A portion of morojwa tree
Synonyms: Thespesia garckeana
Other names: Snot apple, Mugurura, Mutohwe, Uxakuxaku
is a valuable edible indigenous fruit tree species confined to east and
southern Africa. This plant is found in Botswana, Kenya, Malawi,
Mozambique, Namibia, South Africa, Tanzania, Zambia and Zimbabwe. It is
semi-domesticated by people in Botswana. It is an important source of
food for local people there.
A fruit of morojwa
The species grows naturally in all types of woodlands from sea level to about 1700 m above sea level receiving annual rainfall from 250mm to 1270mm. The plants are found on or near termite mounds and deserted village fields.
Morojwa is a semi-deciduous tree/shrub with a rounded medium crooked stem
The tree can grow to a height of 3-15metres
depending on the environment in which it is growing . The tree is
multi-stemmed with straight or crooked stem, which is sometimes
A flower of morojwa
forking from the base, and the stem can reach up to
25cm in diameter breast height. The bark is rough and greyish-black to
brown, fibrous with longitudinal fissures. The twigs are hairy when
young but become smooth with age and branches have wooly hairs. The
leaves are distinctively rounded 8 by 12 cm on long stalks. They are
always simple, alternate and roundish. The leaves have 3 to 5 lobes,
which are covered in brown star-shaped hairs, and have longitudinal
Flowers are large up to 6 cm long, solitary on long pedicels in axils of uppermost leaves. The flowers have a conspicuous cup like calyx with which the calyx is fused. The flowers have many stamens and 5 petals, which are yellow or purplish in colour with dark purple or dark red centre. The flowers are bisexual with all floral parts in five’s. They are showy yellow, ageing to purplish in colour with a maroon patch at the base of each petal. It flowers in wet season and fruits in dry season.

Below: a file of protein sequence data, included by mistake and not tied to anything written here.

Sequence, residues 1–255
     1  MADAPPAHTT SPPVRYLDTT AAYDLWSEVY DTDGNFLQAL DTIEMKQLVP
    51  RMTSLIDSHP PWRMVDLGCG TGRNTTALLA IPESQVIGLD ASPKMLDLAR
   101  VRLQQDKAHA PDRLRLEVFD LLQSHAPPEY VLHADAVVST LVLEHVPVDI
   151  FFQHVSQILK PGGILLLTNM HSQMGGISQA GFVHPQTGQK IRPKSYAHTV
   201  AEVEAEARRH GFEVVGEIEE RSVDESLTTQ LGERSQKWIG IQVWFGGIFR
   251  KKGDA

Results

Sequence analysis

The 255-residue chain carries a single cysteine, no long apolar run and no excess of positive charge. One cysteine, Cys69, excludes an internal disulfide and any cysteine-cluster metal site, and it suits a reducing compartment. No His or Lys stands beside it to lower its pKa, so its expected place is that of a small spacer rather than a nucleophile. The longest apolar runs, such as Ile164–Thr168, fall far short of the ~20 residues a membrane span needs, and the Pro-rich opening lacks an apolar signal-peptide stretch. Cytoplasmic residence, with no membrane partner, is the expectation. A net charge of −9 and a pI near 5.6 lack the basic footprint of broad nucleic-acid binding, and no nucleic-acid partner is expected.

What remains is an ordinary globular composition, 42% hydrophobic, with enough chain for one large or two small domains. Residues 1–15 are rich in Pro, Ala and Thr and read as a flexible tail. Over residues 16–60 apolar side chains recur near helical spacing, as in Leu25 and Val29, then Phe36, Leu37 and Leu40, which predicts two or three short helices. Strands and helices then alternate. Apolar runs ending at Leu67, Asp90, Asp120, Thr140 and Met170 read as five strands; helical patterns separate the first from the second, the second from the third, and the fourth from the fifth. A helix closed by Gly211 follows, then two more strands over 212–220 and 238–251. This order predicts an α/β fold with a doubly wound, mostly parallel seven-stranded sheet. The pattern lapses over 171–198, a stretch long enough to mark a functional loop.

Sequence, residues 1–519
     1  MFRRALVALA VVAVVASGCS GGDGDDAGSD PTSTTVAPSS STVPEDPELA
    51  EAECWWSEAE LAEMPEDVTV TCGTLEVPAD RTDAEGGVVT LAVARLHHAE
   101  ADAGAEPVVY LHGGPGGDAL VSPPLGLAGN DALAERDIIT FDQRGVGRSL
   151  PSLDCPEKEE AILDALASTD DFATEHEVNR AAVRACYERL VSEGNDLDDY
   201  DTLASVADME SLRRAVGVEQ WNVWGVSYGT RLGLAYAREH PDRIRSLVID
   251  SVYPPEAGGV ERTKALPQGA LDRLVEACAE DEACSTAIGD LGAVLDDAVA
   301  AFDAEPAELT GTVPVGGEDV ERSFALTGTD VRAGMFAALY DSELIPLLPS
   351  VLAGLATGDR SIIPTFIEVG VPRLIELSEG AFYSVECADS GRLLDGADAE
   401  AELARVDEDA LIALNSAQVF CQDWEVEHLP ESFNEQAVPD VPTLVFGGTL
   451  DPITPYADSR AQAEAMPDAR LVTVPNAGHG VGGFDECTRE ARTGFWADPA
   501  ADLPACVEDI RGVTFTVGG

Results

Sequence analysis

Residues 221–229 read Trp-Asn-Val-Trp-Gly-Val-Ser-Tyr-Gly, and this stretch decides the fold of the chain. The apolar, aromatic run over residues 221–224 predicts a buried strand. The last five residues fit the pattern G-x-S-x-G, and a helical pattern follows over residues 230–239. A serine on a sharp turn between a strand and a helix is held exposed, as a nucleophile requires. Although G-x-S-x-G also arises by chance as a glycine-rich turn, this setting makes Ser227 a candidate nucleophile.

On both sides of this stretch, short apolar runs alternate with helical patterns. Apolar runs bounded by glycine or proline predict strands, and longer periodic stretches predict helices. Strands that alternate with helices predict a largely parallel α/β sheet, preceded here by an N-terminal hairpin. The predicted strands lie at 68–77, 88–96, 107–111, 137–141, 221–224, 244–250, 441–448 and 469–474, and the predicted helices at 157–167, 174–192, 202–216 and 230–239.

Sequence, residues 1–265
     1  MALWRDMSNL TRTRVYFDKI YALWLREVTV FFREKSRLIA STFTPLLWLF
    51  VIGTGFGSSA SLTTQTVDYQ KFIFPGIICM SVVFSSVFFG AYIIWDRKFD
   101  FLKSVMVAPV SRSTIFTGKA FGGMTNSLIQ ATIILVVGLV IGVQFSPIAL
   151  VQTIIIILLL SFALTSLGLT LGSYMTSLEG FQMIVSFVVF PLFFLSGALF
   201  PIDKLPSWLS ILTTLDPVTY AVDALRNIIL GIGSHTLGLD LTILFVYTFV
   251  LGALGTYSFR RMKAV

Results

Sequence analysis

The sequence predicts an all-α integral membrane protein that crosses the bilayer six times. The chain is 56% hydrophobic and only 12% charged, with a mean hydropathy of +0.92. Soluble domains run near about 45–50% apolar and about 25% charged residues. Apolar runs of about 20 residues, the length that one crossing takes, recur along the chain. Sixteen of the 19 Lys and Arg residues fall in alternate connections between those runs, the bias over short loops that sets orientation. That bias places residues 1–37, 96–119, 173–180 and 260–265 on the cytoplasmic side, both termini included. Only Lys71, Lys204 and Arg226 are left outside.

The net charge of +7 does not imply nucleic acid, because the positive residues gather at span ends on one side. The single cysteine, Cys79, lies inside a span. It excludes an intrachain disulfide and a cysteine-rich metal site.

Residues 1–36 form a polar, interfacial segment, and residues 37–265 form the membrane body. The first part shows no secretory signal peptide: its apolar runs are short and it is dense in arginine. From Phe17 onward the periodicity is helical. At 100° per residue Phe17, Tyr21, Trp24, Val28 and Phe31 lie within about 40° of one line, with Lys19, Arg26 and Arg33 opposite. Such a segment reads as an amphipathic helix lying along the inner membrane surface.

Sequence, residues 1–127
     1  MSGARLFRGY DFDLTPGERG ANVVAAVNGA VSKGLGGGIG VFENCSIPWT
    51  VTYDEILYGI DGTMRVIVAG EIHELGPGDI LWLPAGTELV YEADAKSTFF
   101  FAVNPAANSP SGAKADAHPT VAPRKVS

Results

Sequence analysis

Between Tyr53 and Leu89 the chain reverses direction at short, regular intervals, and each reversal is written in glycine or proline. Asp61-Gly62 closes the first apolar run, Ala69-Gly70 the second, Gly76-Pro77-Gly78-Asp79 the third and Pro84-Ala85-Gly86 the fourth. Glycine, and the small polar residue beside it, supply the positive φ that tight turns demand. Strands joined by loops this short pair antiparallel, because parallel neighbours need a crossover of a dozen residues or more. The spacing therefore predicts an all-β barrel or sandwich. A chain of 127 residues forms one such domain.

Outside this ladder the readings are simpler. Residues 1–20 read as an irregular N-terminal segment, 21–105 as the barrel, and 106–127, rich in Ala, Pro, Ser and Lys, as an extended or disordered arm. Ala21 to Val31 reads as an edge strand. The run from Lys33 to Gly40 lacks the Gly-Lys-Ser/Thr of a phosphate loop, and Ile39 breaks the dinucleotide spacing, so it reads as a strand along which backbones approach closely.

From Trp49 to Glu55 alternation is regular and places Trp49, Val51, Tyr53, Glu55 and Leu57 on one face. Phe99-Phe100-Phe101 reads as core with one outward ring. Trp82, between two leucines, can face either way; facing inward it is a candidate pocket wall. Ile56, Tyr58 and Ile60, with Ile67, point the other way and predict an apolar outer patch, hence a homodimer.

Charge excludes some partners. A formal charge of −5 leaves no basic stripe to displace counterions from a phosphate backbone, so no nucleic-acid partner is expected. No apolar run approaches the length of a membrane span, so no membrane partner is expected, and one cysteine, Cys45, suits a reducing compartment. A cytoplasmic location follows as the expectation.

The fruits are spherical and woody, 2.5cm to 4cm in diameter long with short hairs. The fruits are divided into 4 to 5 sections. They are yellowish to brownish green and hairy when mature and tardily dehiscent. Despite their hard woody nature the fruits are edible and chewed like a chewing gum producing a sweet glutinous slime. Fruits start maturing from August.
The seeds are hemispherical in shape, up to10mm long and 7mm thick with brownish and woolly floss.
The fruits are eaten while slightly green or when ripe. They are persistent, therefore are picked on repining. Some people dry them and reconstitute them.
The fruits can be soaked in a small amount of water to make jelly. They can also be boiled and used as relish or made into porridge.
The fruits are also sold in the local markets of small towns in many African countries.
Beside fruits, the leaves of morojwa are cooked as a vegetable and made into a relish. These are also used as fodder for cattle. The wood is used as timber and for some other agricultural purposes.
New plants of morojwa can be raised from seed. The seeds germinate readily when conditions are favourable. The seeds can achieve acceptable germination percentages without any pre-treatment.
The species has great potential to be used an agroforestry species. No organized planting of has been reported anywhere yet. Therefore it is recommended that farmers should be encouraged to establish small plantations or orchards of the species.
W. Mojeremane and S.O. Tshwenyane